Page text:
Listen – Talk – Learn
During spring break, Samuel and I trudged through Dia: Beacon, located off Route 9D approximately 60 miles north of Manhattan. Housed in what once was a Nabisco box-printing factory built in 1929, the museum boasts 240,000 square feet of massive indoor space. Natural lighting show cases visitors to a diverse collection of works of art assembled during the 1970’s and early 1980’s by artists such as John Chamberlain, Donald Judd, Sol Le Witt, Richard Serra, Michael Heizer.
Samuel swaggered with confidence as we opened the steel door to this vast interior. He led the way through each gallery, walking with purpose as if in search of something magical. We made our way to John Chamberlain’s installations of voluminous crushed metal. Samuel surveyed these massive robotic sculptures with special interest. When asked what he saw, he named the dominant colors of each structure. He weaved through these installations with ease. He slowly inched away from this site and expertly maneuvered himself without touching the artwork through a small space that housed one of Richard Serra’s monumental installations. Samuel barely noted the elegance of this robust curved steel that served as a gateway to the next gallery.
Soon we discovered our place among Robert Smithson’s, “Gravel Mirrors with Cracks and Dust,” 1968. Samuel sat quietly on my lap while we examined ourselves on the mirror that was part of the backdrop of these artworks. I pointed out the different objects that were assembled before us, the triangular shapes of the gravel placed carefully on top of some cracked mirror pieces, etc. He ignored my lectures, and instead has fixed his eyes firmly upon our reflections. No words were exchanged. Yet amidst this silence was an acknowledgement of each other’s presence. A game of imitation had emerged. When I smiled, he smirked. When I stretched my arms up-right he raised his. When I covered my face, he took my hands and lifted my hands onto his visage. As we made faces and performed physical gestures in front of the mirror, we too had become part of the art installation.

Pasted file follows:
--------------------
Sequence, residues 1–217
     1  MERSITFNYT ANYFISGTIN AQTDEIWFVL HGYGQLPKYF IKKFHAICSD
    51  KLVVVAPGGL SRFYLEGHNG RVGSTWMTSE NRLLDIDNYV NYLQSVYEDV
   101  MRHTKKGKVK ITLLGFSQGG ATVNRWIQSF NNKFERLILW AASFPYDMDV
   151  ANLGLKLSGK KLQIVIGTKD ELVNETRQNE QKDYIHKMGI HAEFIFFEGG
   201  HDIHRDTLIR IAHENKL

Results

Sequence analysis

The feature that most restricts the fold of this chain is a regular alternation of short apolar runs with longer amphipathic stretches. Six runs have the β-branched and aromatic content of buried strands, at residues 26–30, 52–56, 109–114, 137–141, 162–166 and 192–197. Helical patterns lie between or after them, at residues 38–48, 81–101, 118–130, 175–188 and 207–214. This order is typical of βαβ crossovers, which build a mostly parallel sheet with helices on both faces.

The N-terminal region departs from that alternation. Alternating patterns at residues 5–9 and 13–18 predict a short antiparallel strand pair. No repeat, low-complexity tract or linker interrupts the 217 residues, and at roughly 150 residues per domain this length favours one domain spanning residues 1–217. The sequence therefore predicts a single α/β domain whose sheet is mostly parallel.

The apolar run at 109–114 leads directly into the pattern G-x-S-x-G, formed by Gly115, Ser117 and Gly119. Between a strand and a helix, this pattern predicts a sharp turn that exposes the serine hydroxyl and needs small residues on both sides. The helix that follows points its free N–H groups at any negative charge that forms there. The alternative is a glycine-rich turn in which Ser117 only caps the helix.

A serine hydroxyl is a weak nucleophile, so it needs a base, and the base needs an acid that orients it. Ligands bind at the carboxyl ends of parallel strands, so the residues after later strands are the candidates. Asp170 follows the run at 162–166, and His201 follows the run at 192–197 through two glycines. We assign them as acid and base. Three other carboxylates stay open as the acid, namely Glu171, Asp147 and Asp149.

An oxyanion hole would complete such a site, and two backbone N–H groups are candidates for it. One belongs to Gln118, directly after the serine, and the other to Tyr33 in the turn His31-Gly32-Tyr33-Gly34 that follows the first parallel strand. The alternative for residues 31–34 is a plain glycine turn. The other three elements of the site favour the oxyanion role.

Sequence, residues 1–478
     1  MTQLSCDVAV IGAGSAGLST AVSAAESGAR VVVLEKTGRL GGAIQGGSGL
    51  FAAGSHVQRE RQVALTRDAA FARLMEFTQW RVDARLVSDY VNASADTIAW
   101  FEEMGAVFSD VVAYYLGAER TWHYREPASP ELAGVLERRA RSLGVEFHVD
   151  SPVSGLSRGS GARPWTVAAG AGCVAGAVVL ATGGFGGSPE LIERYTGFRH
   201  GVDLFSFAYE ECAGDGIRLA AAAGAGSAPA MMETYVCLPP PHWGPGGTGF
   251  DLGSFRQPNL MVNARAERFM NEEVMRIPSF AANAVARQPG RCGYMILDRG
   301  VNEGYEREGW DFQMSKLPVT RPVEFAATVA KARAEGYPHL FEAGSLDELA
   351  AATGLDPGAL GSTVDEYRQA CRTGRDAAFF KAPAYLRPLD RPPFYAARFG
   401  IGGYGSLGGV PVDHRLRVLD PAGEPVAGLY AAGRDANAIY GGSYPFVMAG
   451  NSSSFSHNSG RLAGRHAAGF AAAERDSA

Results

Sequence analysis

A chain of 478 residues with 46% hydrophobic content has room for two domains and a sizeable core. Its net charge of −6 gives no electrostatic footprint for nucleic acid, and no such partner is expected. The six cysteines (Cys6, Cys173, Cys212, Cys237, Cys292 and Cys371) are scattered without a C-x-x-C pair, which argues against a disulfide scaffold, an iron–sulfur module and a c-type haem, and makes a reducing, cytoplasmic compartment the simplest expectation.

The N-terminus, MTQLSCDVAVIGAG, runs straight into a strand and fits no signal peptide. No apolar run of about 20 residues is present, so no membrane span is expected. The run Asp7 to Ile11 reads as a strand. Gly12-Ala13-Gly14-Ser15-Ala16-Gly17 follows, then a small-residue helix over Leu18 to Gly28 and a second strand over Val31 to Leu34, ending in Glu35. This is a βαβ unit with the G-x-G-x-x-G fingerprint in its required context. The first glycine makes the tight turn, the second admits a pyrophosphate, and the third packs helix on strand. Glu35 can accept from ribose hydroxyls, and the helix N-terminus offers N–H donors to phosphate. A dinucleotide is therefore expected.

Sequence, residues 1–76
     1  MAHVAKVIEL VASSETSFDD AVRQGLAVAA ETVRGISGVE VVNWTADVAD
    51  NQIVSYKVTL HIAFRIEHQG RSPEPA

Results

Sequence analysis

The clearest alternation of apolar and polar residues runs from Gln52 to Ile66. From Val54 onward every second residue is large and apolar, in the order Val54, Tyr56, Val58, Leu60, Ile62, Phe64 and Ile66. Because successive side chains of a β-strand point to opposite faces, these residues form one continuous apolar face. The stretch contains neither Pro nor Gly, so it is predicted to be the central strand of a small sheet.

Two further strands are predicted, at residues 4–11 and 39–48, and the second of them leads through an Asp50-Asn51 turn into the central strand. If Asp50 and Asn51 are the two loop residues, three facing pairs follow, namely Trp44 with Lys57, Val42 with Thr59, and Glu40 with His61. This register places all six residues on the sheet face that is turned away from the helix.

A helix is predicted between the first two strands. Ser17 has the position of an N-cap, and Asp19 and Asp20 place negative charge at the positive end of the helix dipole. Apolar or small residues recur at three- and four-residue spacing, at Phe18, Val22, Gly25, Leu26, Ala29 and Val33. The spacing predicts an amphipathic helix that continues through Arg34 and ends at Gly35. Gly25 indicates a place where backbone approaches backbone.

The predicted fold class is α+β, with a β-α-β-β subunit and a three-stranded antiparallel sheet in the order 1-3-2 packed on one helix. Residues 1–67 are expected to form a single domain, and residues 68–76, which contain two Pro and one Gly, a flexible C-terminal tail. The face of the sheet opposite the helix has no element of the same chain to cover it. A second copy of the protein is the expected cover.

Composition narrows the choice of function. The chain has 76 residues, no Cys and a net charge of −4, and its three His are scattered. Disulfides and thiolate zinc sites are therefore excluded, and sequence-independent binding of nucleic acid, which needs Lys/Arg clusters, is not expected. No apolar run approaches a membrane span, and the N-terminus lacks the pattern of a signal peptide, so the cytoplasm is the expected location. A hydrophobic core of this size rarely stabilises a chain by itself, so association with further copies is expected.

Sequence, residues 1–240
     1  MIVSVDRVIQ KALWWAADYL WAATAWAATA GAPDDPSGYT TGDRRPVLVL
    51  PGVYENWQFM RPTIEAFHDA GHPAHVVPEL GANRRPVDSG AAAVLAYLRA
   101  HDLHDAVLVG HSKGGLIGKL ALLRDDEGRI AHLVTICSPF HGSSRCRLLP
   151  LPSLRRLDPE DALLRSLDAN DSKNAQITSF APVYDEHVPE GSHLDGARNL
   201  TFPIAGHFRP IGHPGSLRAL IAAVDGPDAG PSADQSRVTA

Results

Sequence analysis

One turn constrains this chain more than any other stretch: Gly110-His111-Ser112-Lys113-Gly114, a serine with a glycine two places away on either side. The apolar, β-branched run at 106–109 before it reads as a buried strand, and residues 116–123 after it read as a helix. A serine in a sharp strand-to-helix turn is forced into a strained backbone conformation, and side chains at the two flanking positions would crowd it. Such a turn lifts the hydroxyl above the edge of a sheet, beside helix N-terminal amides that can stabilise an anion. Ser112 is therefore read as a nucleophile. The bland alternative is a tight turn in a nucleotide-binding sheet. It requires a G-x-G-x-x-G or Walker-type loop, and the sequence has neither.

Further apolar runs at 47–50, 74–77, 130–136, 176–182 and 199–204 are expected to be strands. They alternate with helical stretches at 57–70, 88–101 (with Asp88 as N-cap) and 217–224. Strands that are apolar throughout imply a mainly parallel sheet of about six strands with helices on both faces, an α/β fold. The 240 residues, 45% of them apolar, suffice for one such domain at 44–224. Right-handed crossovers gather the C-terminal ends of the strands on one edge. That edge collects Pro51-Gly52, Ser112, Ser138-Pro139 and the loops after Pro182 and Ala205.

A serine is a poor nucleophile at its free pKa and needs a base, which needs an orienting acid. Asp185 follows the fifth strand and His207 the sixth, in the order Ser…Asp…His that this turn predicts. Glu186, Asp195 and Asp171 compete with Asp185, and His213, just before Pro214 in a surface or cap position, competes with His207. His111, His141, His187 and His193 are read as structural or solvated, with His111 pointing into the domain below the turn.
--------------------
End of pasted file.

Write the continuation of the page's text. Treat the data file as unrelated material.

After quickly navigating through other gallery spaces, Samuel urged me to sit on a bench with him that faced Michael Heizer’s Negative Megalith #5 (1998). I started to ask Samuel what he was looking at. He ignored my question, and just as I was about to query him again, a set of twins, who were about three years old, walked noisily and animatedly into the gallery. One showed his teeth when he smiled and stated aloud, “Oh look at that big stone. I wonder what would happen if it fell down!?” His twin remarked with a dark excitement in his voice, “Of course, it would strike you, because it’s so big.” Their parents rushed them quickly into another gallery as both giggled and gestured comically to one another. As I heard these children narrate the stories in their heads, my heart sank. Words provided others a glimpse of our thought processes. I realized at that moment that I would continue to struggle with this feeling of being shut out from Samuel’s musings for as an eight year-old with Down Syndrome, he used his words only sparingly.
Instead of speaking, we rested quietly in front of this piece of work for 10 minutes. Samuel handed me and saved himself a copy of the fact pages for this piece. He pretended to read the laminated text and after 5 minutes, he collected mine and placed both his and my copy back into its container. I marveled at the comfort with which Samuel carried himself, of being in such a grand exhibition space that we have only visited for the first time! I sat and reveled at this remarkable moment that informed me that my son understands the museum-going experience. This was a triumph!
The experience of walking through a museum and imbibing the philosophical ideas embedded in each object has shifted. I watched Samuel model a unique perspective and noted how he interacted with works of art. My goal would be to continue to build upon these kinds of museum visits so that Samuel can collect a visual vocabulary that will enhance his skills in finding meaning and connections with the world around him. The best kind of learning happens when we are given the opportunity to explore freely and this vast indoor space has certainly provided that for Samuel.
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